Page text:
Former Chancellor Schröder says Russia is seeking a negotiated solution to the conflict and accuses Germany of not doing enough | International
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Former German Chancellor Gerhard Schröder has claimed that Russian President Vladimir Putin wants a “negotiated solution” to the war in Ukraine and has accused Berlin of not doing enough to try to end the conflict. In an interview published Wednesday by the magazine Stern and the NTV news network, the former president, who met last week in Moscow with Putin, insists on activating the Nord Stream 2 gas pipeline, whose entry into operation was suspended after the start of the offensive by Kremlin troops. Shortly after Schröder’s statements were released, Foreign Minister Olaf Scholz blamed Moscow for the delays in transporting the turbine that Gazprom is claiming for Nord Stream 1 and which, according to the gas company, prevent it from fully operating. performance.
Schröder, who governed Germany between 1998 and 2005 and has recently become an international pariah for his ties to Moscow, describes in the interview the agreement reached to unblock Ukrainian grain exports as “successful” and points out that “it may be time to start working towards a truce.” The former Social Democratic chancellor, who admits that last week he met with Putin during a “holiday” trip to Moscow, maintains that “the good news is that the Kremlin wants a negotiated solution”. The former president, who until a few months ago held various positions on the board of directors of companies controlled by the Kremlin such as the oil company Rosneft or a subsidiary of Gazprom, accuses the German — and French — government of “not doing enough” in the interview. in the search for a negotiated solution to the war in Ukraine.
The former chancellor also gave his opinion on the current controversy between Berlin and Moscow over the supply of gas through the Nord Stream 1 gas pipeline. Gazprom completely suspended supplies for 10 days in July, arguing that maintenance tasks were necessary and the lack of a turbine . Precisely this Wednesday, Scholz accused Russia of blocking the delivery of the turbine claimed by the gas giant: “It is ready to be delivered at any time. It is only necessary for Gazprom to ask for it”. However, Schröder blamed Siemens for the lack of gas supply and promoted the start-up of the Nord Stream 2 gas pipeline, paralyzed by the German Executive after Russia recognized the independence of the rebel provinces of Donetsk and Lugansk and launched the invasion on Ukraine, at the end of last February. “If things get really tough, there is this pipeline, and with the two Nord Stream pipelines there would be no supply problems for German industry and households,” says Schröder. “Otherwise, the consequences have to be reckoned with, and they will be huge in Germany as well,” he adds.
Russia resumed supply through Nord Stream 1 on July 21 after 10 days of maintenance work, although only at 20% of its capacity, and since June it had already operated a volume less than half of what it transports at full capacity. A limited pumping that Russia insists on justifying that Western sanctions make it impossible to return the turbine, an argument that the European Union and Berlin reject. Moscow alleges “technical problems” caused by the lack of that turbine, something that, according to what Scholz has declared next to said piece in a Siemens factory in Mülheim an der Ruhr (North Rhine-Westphalia, western Germany), “does not answer the truth.”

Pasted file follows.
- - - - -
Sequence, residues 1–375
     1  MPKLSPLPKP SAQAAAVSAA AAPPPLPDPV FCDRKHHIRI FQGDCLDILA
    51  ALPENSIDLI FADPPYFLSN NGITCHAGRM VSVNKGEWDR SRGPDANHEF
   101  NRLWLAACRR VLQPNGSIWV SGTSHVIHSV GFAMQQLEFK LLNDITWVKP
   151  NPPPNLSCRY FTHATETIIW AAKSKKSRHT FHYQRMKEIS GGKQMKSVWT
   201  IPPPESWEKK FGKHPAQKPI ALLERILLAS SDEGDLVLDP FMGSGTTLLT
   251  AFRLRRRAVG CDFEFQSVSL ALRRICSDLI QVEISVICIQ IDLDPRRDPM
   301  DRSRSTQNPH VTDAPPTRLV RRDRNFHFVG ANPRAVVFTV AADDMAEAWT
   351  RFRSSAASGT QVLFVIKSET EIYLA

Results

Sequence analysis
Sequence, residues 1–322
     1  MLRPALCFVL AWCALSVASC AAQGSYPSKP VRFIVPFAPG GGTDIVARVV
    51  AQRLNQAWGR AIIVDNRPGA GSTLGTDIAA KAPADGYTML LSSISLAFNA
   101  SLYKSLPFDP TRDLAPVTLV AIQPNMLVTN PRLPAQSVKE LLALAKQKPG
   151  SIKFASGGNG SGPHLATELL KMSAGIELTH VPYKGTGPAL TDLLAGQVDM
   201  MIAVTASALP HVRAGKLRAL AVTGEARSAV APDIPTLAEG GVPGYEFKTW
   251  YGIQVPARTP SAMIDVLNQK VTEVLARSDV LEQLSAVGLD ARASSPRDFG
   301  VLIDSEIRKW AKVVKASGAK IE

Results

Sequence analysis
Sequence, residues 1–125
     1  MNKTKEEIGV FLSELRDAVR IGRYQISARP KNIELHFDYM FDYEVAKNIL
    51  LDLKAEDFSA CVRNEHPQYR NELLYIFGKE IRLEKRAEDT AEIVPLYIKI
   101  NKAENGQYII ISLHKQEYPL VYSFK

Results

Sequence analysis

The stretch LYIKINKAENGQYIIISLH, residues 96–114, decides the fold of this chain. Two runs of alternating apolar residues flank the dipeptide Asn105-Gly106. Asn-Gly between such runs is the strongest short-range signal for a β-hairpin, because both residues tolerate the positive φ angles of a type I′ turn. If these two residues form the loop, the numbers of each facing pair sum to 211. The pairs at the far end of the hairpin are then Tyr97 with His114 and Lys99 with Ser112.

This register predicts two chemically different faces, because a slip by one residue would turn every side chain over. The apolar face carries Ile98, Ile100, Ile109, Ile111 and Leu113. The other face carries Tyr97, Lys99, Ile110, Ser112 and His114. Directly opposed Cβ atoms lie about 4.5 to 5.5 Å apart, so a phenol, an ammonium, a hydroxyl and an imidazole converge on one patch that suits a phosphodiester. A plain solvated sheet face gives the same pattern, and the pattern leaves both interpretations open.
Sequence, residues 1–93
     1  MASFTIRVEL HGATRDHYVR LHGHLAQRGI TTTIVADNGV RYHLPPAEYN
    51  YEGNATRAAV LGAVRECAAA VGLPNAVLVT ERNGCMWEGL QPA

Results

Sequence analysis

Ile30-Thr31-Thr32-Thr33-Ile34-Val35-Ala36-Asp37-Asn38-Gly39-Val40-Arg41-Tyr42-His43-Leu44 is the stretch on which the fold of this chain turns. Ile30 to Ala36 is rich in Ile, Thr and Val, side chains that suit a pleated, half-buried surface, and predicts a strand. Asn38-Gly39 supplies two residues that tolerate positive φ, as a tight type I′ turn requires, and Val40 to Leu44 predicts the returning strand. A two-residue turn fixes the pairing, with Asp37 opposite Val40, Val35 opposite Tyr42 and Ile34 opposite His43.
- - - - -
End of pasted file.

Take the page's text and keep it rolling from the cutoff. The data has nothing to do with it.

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During his statements at the Siemens factory, the Social Democratic chancellor left open the possibility of prolonging the use of nuclear power plants to resolve the energy crisis, although he recalled that the three still in operation are only relevant for electricity supply. “It may make sense,” Scholz said, about the possibility of postponing the disconnection of the last three nuclear power plants in the country, which according to the nuclear blackout schedule should take place at the end of this year.
The construction of the first Nord Stream gas pipeline arose from an agreement between Putin and Schröder, a few months before the German politician left power. The Social Democratic Party of Germany (SPD), the formation of Schröder and Scholz, is analyzing 17 demands promoted by local groupings of the party to expel the former chancellor from the party. The SPD is expected to make a decision on those demands next week.
Schröder, who again described the war as a “Russian government mistake”, insists in the interview that he does not see why he should apologize or why he should break his ties with Putin. “If the really relevant problems are analyzed, they are solvable,” says the former foreign minister in the interview. For example, he said that it was “absurd” for Ukraine to consider militarily reconquering the Crimean peninsula, annexed by Russia in 2014. However, the Social Democrat commented that the situation was “very complicated” in Donbas, the region made up of the provinces of Donetsk and Luhansk and that Russia is close to total control. “For this, we will have to find a solution based on the Swiss cantonal model,” he said. “Do we really want to resolve the conflict? So there must be concessions on both sides”, he sentenced.
From Ukraine, Mijailo Podoliak, adviser to the Ukrainian president, Volodymyr Zelensky, reacted on Twitter to Schröder’s statements, accusing him of being a spokesman for “the tsar’s court.” “If Moscow wants dialogue, the ball is in its court. First, a ceasefire. Later [diálogo] constructive,” Podoliak posted.
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